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What Causes Cancer? - Page 2

Types of Somatic DNA Mutations

There are many types of somatic mutations. We will only discuss two types to keep very detailed information to a reasonable quantity.

Classified by impact on protein sequence: These are small-scale mutations of the gene

1. Point or Missense mutations are a change in one DNA base pair (a misspelling) that results in the substitution of one amino acid for another in the protein made by a gene. (Most SNPs are point mutations)

Image Courtesy of U.S. National Library of Medicine
Explanation of Image:

a. The top line is half of a strand of DNA (DNA has two strands)

b. Researchers know that C always matches G, T always matches with A and A always matches with T, so they only write the first half of the base pair

c. The first three bases are C-A-T. Notice the line under them to show that this is a condon (three base pairs) for the amino acid Histone.

d. Look at the bottom strand of DNA and find the blue "C". This should be an A.

e. A point mutation (misspelling) has occurred during the cell cycle in this part of the DNA sequence

f. This mistake changes C-A-T to C-C-T, so it does not code for Histone anymore and may result in a malfunctioning protein.

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If you want to see illustrations of the mutations below go to:

Cont. of impact on protein sequence mutations:

2. Frameshift Mutations are caused by the addition or loss of a base pair. This alters the
content of every triplet codon that follows in a reading frame.

3. Splice-site Mutations occur within genes in the noncoding regions (introns) just next to the coding regions (exons) and can have profound effects on the resulting protein, which may lead to disease.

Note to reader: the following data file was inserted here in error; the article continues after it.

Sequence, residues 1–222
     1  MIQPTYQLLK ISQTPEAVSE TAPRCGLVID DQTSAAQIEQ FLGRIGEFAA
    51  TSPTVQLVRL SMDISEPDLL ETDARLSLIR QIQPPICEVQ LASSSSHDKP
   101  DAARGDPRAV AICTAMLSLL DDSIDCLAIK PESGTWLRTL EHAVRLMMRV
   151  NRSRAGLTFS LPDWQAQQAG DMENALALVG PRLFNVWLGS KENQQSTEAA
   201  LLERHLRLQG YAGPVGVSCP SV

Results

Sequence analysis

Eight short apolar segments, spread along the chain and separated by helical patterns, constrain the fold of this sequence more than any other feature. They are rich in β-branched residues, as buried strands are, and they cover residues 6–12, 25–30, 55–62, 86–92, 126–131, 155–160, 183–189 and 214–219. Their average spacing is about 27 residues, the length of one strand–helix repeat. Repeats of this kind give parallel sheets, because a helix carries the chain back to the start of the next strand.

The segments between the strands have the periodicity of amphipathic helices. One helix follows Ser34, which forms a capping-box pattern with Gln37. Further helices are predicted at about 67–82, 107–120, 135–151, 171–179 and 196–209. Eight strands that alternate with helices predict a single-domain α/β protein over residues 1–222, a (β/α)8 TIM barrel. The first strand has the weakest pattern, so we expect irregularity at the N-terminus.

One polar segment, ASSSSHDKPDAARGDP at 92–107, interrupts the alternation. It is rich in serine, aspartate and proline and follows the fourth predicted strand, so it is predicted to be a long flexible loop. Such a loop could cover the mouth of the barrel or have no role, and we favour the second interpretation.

4. Regulatory Mutations occur in the noncoding region and change the rate of protein production. These include mutations to promoter sequences, enhancer sequences, and repressor regions.

5. Deletions occur when one or more base pairs are eliminated from the original DNA sequence

6. Insertions occur when one or more base pairs disrupt the original sequence and are incorporated into the DNA sequence where they otherwise would not be found.

7. Translocations occur when segments of one chromosome break off and fuse to a different chromosome, without any loss of genetic material.

8. Inversions are mutations that arise when two breaks occur in a chromosome and the piece is reinserted in reversed order.


  • Amplifications (gene duplications) leading to multiple copies of all chromosomal regions,

    Deletions of large chromosomal regions, leading to loss of the genes within those regions.

    Chromosomal translocations: interchange of genetic parts from nonhomologous chromosomes.

    Insertions: The insertion of a large DNA sequence into a different chromosome

    Inversions: reversing the orientation of a chromosomal segment.

  • Loss of heterozygosity: loss of one allele, either by a deletion or recombination event, in an organism that previously had two different alleles.

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